Basically. But it's comforting to have my routine down and I just did some rearranging in my studio and some spring cleaning last weekend, so I'm feeling refreshed.
Start-ups can be exhausting. Do you ever take a break?
I just started taking Mondays off, but for several months, I was working all day every day and not giving myself a break. I loved what I was doing, but I didn't want to grow to resent it, so I'm learning the importance of time off. This spring, I've met some new friends in Omaha and I'm finally getting out of the house. We just went to the Omaha zoo and sometimes we'll meet up for margaritas.
Can you share a few words of advice for up-and-coming designers?
You may not land your dream job as fast as you want, but believe that every single day you are taking a step in the right direction and that you’re on the right path. It’s so easy to get discouraged. Do whatever you can to stay optimistic and know that each choice you make is leading you closer to your end goal.
Thank you so much, Emily!
A few of Emily's favorite things:
Favorite American shops:
Utilitarian Workshop in Kansas City is a dream of a shop to visit and I feel so incredibly lucky that they carry my work. Sword + Fern in Portland, OR was the first shop to carry my work and I have always dreamed of visiting. It seems like it belongs on my list, even though I haven’t been yet!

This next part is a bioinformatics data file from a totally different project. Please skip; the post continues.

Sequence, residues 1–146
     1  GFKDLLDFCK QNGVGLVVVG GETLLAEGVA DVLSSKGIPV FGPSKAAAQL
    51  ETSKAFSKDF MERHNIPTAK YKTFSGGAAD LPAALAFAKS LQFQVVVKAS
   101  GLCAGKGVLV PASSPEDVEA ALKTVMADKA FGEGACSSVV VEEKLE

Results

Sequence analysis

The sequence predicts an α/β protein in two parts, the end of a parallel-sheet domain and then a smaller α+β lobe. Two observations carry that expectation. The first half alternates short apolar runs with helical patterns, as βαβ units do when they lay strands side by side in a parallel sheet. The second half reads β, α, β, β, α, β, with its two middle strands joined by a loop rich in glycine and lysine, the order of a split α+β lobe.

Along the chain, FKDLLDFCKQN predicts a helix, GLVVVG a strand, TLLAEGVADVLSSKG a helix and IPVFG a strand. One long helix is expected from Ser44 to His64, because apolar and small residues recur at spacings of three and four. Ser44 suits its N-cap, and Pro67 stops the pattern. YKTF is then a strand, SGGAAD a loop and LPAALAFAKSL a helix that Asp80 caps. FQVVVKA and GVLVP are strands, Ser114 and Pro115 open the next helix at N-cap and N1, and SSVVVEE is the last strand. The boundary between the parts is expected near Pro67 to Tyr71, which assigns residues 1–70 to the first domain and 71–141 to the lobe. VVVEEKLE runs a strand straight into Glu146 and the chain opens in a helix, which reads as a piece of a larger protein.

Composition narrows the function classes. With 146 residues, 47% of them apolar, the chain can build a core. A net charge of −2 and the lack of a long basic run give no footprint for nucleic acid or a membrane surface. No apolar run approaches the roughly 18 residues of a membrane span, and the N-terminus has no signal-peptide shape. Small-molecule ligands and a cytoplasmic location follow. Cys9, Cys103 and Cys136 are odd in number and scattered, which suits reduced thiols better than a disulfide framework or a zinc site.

Favorite American restaurants:
La Buvette in Omaha. When I'm sitting on their patio, I can imagine I’m sitting in a quaint Parisian cafe, drinking wine and eating fancy cheeses. Since I’m a Kansas City girl at heart, I love going back to Westside Local when I’m in town. I can’t stay away!
Favorite artists and designers:
I used to want to be a photographer so I’m really into following other photographers and living vicariously through them. Kaley Cornett (Kaley from Kansas) is my favorite photographer. I have had the chance to work with her several times and the stories she tells through her images are so incredible. I love seeing things through her perspective. Mociun is the most talented jewelry designer I’ve ever come across. Her jewels make my heart beat faster! Britt Bass and Lulie Wallace are my two favorite painters.
Favorite American brands:
Herbivore Botanicals for body products in the most beautiful packaging. A MANO is an online shop featuring several American artists and I am proud to be part of those rotating collections.
Your most prized possession:
I have two rings that my dad gave my mom when they were dating. One is set with a ruby and small diamonds, and the other is a sapphire with small diamonds. I am always blown away by the jewelry my dad buys for my mom. He never needs help from his daughters! I am especially impressed knowing that he bought them when he was in college. He’s doing it right!
Favorite trip you've ever taken in the US and why?:
Washington D.C. It's so full of history, and I felt so much pride for my country, interest in our American roots, and excitement for where we’ll be in another few decades. There was so much to do there, I barely scratched the surface. I'm hoping to go back for a visit soon!
Five things that make you happiest:
Mornings, croissants, my boyfriend and dog, my job, and my friends and family.
NOTE: Emily will be selling at Urban Outfitters' pop up shop today from 2-7pm in Lawrence, Kansas and at Utilitarian Workshop's trunk show tomorrow (6-9pm) and Saturday (11am-7pm) in Kansas City, Missouri.